And these fraud scandals eat into the profitability and competitiveness of companies. If a company’s profit margin is 10 percent, the company has to earn 10 times as much as the income lost by an embezzlement or fraud in order to recover the losses, he said.
Albrecht cited the recent example of General Motors Corp., which was hit by a $436 million fraud by an employee.
“Because it had a profit margin of 10 percent, it had to generate 10 times (the income lost in fraud), or $4.36 billion in additional revenue to get back to where it would have been without the fraud,” he said. “If you assume one U.S. car costs $20,000, then GM has to make more 218,000 to gain back the income it lost.”
While its rivals Toyota, Honda, Hyundai or Ford did not have such a problem and were able to move ahead, GM had to play a catchup to get just to the pre-fraud level, he said. “General Motors was less competitive (because of the problem). . . . You can see that fraud is very costly.”
Hill, dean of Marriott School of Management, said business ethics can be summarized in simple ideas — whether you treat others as you want to be treated, or whether there is respect, honesty and trust between the parties that engage in transactions.
And good ethics make business sense, while bad ethics can increase transaction costs, he added.
If a person wants to sell a product to another and if the two parties trust and respect each other, the former will be confident that the latter will pay up when the goods are delivered, and so the two parties can do business at a minimum cost, he said.
But if they do not trust each other, they may hire and retain lawyers to be ready in case promises are broken, make security or insurance arrangements in case the product is stolen, or the government may intervene to impose regulations to avoid trouble, he said.
“That increases the cost, all because we don’t trust each other.”
One recent example in the United States of corporate misdeeds adding cost to business, Hill said, is the introduction of the Sarbanes-Oxley Act of 2002 that followed a series of major corporate scandals. The law, among other things, requires the management and auditors to provide an assessment of internal controls and has resulted in sharp rises in audit costs for companies.
“Why do we have Sarbanes-Oxley? That is a cost we have to pay because of unethical behavior.”
Studies show that shares of companies with strong, well-governed board of directors outperform the overall stock market, he said. Also, “democratic” firms that listened to their employees and gave them channels of communication to the top management, are found to perform better than companies led by “dictatorial” executives, he added.
Albrecht also cited a survey of 5,200 companies by a Massachusetts Institute of Technology researcher, which showed that share prices of companies that have introduced good corporate governance are 40 percent higher than those that did not.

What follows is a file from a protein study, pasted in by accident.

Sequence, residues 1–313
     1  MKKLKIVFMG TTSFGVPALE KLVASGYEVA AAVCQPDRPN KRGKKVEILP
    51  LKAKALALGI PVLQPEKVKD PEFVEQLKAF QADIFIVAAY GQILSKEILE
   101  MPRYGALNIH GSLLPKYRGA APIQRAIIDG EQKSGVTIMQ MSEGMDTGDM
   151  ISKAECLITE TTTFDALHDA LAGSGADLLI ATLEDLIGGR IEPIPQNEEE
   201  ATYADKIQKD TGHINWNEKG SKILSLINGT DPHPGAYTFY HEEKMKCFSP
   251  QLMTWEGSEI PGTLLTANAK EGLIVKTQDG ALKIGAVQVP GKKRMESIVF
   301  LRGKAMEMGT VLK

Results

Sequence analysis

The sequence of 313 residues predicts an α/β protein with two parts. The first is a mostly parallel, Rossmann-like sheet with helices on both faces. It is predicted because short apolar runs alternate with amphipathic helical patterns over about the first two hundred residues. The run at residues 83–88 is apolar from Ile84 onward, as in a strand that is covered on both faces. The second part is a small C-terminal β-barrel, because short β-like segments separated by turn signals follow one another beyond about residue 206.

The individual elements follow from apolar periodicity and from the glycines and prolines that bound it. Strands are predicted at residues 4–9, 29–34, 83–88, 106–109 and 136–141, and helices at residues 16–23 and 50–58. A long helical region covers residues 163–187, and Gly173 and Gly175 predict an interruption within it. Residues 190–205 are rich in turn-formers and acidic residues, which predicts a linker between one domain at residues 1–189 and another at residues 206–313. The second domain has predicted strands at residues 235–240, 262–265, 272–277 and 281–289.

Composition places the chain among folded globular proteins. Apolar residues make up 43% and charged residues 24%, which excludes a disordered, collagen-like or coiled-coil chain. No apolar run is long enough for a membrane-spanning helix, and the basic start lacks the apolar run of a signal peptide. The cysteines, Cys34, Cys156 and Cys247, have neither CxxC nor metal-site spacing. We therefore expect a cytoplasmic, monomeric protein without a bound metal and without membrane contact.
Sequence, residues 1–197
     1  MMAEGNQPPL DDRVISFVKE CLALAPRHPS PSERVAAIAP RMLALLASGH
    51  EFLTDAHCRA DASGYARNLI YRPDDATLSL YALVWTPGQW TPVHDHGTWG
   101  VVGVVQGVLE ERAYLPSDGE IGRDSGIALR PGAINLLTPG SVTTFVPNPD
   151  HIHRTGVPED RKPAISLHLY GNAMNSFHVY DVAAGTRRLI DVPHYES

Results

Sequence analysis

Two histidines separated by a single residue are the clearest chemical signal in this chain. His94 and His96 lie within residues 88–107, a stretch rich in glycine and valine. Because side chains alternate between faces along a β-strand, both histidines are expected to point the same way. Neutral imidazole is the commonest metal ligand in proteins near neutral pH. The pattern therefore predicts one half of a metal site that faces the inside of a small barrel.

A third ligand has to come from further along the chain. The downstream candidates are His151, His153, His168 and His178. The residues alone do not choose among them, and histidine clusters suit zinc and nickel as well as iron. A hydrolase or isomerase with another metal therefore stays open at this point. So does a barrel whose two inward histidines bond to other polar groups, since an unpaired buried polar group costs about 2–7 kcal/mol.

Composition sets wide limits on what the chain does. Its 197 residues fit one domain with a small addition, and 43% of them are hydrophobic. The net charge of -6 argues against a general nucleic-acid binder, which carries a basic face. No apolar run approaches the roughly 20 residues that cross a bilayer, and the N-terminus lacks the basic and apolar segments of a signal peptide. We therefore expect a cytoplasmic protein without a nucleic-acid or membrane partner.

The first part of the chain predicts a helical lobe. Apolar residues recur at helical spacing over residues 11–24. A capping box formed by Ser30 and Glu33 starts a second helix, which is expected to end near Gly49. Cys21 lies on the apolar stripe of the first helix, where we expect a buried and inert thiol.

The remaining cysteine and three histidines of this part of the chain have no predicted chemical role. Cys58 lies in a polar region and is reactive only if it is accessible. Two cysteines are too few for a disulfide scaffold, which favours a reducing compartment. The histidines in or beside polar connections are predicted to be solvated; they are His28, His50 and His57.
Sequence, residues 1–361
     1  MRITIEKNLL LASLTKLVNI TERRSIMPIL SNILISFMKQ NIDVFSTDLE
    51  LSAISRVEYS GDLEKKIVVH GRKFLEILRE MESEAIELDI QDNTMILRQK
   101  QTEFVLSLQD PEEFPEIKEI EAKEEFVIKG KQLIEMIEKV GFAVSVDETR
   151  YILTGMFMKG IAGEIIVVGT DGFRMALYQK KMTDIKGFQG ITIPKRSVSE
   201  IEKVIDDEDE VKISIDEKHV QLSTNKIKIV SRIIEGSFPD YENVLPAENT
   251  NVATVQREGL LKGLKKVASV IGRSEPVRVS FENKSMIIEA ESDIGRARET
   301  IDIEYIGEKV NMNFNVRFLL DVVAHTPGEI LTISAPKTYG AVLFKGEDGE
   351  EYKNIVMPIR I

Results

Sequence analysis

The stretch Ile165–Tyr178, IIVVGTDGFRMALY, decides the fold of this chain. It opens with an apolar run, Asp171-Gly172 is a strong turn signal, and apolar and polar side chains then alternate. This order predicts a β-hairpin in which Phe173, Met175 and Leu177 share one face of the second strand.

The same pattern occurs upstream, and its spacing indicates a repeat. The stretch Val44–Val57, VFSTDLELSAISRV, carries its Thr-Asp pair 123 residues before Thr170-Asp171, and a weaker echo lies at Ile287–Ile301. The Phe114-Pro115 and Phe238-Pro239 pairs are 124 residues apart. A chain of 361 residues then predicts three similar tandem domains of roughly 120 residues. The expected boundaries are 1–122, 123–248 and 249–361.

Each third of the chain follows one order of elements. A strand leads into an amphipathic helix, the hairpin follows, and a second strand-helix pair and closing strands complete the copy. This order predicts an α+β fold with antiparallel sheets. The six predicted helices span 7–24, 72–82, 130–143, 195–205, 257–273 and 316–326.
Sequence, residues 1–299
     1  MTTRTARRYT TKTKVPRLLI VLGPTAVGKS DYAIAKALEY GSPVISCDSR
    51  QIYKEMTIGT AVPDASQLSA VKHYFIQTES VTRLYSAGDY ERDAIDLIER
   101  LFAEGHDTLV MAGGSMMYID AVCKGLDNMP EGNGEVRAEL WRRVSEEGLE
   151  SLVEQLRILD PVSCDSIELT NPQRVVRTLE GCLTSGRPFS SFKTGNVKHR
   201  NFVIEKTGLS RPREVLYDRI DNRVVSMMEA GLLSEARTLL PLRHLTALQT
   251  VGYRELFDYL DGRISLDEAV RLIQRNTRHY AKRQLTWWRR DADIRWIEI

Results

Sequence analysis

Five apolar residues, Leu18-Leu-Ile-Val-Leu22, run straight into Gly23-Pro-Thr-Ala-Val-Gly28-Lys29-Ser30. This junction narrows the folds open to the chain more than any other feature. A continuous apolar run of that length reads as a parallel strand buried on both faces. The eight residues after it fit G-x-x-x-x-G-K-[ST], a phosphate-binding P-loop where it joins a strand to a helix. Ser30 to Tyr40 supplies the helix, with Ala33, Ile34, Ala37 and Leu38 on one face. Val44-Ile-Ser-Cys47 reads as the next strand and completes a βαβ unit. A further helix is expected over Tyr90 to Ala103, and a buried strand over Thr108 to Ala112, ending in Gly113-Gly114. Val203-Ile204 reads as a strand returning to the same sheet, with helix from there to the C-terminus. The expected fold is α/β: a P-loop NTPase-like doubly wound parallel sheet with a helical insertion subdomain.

Compromising on business ethics can bring short-term value, Hill noted. “Enron, for several years running, was the darling of Wall Street — had greater returns than any other corporations in America. “Livedoor did the same in Japan, but that was only short-lived. Eventually their unethical behavior caught up with them. So in the long run, unethical behavior hurts,” he said.
Hill expressed alarm over results of various surveys indicating that lack of honesty — a measure of unethical behavior — is widespread in American society.
In one study by a university in New Jersey, as many as 75 percent of business students answered “Yes” to a questionnaire item asking whether they cheated to get into graduate school, he said. “These are the future leaders of American corporations.”
Honesty under siege
Integrity also appears to be in question at corporate offices. Hill quoted another survey of company employees showing that 65 percent of respondents do not report ethical problems that they have witnessed — many of them fearing accusations of not being a team player, or retribution from their superiors.
Hill stressed that teaching ethics in business is a multilayered process. First, people must have an understanding of personal ethics — concepts of right/wrong, fair play, respect for the rights of others, honesty, personal integrity, etc. The next process is to translate those values to business — to understand what constitutes fraudulent practices, misleading advertisements, and so forth.
In addition to the understanding of these principles, they also need to have an “ethical courage” — a willingness to pay the price for being ethical, for example, to quit the company rather than take part in fraud, he said.
And finally, Hill said, they need to have “ethical leadership” — an ability to create an ethical environment in an organization, or to encourage others to behave ethically.
The point is “to set the tone at the top of the corporation . . . to create an organization where ethical values are expected, ethical behavior is rewarded, unethical behavior is punished, and people see top management behaving ethically and knowing that that’s important for the company,” he said.
Ethical leadership is particularly important for the management because a vast majority of corporate employees belong to a swing group, who could become either honest or dishonest depending on the environment within the company, he said.
What happened at Enron, he said, may be that this swing group, who would go where the wind blew because they lacked the guidance of a firm ethical belief, went with the dishonest group within the company.
“The question is, which way will your organization swing?”